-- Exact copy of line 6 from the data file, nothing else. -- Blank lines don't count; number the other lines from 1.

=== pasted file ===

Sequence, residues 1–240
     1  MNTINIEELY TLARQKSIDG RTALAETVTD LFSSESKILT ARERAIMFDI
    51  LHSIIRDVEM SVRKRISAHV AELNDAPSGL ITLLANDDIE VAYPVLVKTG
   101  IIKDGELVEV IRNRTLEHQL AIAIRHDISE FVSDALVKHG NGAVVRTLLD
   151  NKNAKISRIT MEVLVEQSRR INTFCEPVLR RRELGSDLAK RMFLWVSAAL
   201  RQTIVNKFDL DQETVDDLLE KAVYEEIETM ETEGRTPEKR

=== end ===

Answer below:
   201  RQTIVNKFDL DQETVDDLLE KAVYEEIETM ETEGRTPEKR